Insurance Jargon buster.
Glossary of frequently used terms
Insurance can be tricky - we get that, especially with all the jargon. We're here to help ensure you have the information you need to make an informed choice about what insurance is right for you. Below is a list of terminology that's often used, and what it means.
This is a partial payment of your life cover benefit (if you have $500,000 life cover and $100,000 trauma cover and make a trauma claim, your life cover will reduce to $400,000). The alternative type of trauma cover is "Standalone", and does not affect your life cover when you claim it.
The insurer looks at all the information you've provided in the application form. From there, they decide if any additional information is required. That could be in the form of a medical test (blood test or exam), or some information from your doctor regarding a particular condition.
Body Mass Index (BMI). BMI is a number used to determine if someone is a 'healthy' weight in relation to their height. It's calculated by dividing the person's height (in cm's) by their weight (in kg's).
We pay you a percentage of your annual premium, as a thanks for becoming a LifeDirect customer. This applies to Life, Income Protection and Mortgage repayment cover only.
The process to have the benefit pay out directly to a medical provider, or a policy owner.
LifeDirect is paid a commission from the insurer for the part we play in setting up your new insurance cover. There are no added fees or extra cost to you at all.
The dollar amount that you're covered for.
This awesome team of people help you through the application process and get your policy in place once the assessment is complete.
If your application is declined, unfortunately you will never be able to obtain cover with that insurer. For example, applying for cover when you're already terminally ill.
Your application has been placed on hold for a prescribed period of time. For example, a pending procedure with the insurer.
A condition, event or occupation not covered by your policy, usually because it is a pre-existing condition.
A Financial Adviser is someone authorised to make a recommendation or give an opinion about acquiring, holding or disposing of a financial product. LifeDirect is not a Financial Adviser. Refer to the Financial Markets Authority (FMA) website for more information.
This friendly team is more than happy to help you compare quotes, or help with your application. Please get in touch if you'd like help putting some insurance in place – either fill out an online contact form, or give us a call on 0800 800 400.
The policy will cease to cover you if your premiums are not paid.
The individual whose life is insured on the insurance policy.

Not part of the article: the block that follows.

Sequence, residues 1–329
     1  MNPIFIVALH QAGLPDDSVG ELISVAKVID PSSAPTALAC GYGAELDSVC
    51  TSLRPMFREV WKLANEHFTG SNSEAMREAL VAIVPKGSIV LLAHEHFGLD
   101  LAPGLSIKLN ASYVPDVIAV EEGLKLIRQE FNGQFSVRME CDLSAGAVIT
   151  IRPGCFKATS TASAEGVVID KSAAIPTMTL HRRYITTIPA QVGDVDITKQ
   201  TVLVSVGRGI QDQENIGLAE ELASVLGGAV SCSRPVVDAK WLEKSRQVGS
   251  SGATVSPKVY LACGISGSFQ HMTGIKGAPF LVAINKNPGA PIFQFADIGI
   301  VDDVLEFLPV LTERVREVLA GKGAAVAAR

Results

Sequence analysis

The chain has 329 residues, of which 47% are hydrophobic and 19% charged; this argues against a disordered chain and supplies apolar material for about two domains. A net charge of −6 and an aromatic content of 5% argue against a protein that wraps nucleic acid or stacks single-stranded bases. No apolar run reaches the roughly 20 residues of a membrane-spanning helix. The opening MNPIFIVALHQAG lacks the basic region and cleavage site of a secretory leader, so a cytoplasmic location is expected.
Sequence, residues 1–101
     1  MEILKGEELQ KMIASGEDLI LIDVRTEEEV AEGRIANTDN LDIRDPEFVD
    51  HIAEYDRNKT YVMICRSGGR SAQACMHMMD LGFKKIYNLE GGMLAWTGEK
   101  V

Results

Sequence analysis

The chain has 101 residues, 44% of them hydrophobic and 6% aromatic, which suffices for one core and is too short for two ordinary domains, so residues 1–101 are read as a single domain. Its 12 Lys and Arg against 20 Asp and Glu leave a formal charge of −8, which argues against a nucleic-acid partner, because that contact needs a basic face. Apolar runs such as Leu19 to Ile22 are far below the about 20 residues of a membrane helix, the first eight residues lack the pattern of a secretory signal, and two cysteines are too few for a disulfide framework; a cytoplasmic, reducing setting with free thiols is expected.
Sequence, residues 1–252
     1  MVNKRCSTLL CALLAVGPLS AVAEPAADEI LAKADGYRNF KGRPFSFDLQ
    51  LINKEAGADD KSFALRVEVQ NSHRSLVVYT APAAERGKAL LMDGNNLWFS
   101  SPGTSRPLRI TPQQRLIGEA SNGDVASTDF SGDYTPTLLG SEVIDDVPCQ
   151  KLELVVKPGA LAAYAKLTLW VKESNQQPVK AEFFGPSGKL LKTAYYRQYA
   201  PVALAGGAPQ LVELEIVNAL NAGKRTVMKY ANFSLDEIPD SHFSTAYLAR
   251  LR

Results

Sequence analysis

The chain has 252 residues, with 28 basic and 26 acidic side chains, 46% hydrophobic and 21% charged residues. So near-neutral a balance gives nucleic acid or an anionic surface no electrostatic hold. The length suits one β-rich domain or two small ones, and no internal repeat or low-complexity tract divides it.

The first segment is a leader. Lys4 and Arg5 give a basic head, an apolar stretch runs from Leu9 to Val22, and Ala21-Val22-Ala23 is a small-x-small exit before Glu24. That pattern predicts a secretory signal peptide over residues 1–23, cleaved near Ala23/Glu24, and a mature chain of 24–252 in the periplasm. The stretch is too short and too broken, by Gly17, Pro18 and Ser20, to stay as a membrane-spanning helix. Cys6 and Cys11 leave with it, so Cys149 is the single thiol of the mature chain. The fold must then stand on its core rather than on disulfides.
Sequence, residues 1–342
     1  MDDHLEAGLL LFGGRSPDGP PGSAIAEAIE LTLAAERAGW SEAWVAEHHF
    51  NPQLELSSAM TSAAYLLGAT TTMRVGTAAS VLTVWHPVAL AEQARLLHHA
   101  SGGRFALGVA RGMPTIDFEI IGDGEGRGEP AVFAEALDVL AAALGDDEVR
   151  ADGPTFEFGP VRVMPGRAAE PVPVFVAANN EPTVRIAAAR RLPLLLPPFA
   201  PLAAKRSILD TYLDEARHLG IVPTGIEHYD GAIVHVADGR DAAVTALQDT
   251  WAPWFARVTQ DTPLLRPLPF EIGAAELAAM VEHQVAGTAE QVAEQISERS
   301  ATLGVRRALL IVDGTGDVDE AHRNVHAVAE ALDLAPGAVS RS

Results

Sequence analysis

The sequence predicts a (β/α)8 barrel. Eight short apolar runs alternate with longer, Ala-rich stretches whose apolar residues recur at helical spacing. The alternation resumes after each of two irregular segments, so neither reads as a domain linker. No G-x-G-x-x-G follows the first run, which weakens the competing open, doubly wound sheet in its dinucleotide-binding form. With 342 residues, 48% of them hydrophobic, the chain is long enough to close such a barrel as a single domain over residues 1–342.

An increase in premium related to a condition. A loading is usually expressed as a percentage of the premium, ranging between 50% to 400%. For example, if you get a 100% loading and your initial quote was $100 per month, your premium moving forward will be $200 per month.
LifeDirect's secure online portal where you can update your contact information, view your cover information, claim your cashback and more.
A change in the insurers 'best possible outcome' – the initial quote you see on LifeDirect. It's essentially a 'counter offer' to your initial quote.
A New Zealand Crown entity that decides, on behalf of District Health Boards, which medicines and pharmaceutical products are subsidised for use in the community and public hospitals.
Personal Medical Attendants Report - This is generally a 5 year history with your GP.
Your official agreement with the insurer.
Someone who has the right to speak on behalf of the cover, as well as being a beneficiary.
A condition or symptoms of a condition that you've had prior to applying for new insurance cover.
The dollar amount payable to the insurer to keep your valuable cover in place.
Your policy is renewed yearly, from the date your policy was put in place. The renewal will happen automatically.
Things that are needed to get your application/request finalised. For example, a quick medical and blood test.
Trauma cover pays a lump sum if you suffer a major health problem covered by the policy (like serious cancer, heart attack, or stroke). Standalone trauma cover is NOT linked to a life insurance policy. Trauma cover that's linked to a life insurance policy is called "Accelerated Trauma cover".
Underwriting is the process insurance companies go through when evaluating the risk of insuring someone's life – things like health conditions, occupation and smoking status get taken into consideration during the underwriting process. Take a look at our article 'What is the life insurance underwriting process?' to find out more.
This is a built in benefit that pays your premium if you've been disabled for a predetermined period of time. You select this time period when applying for income protection, and mortgage repayment cover.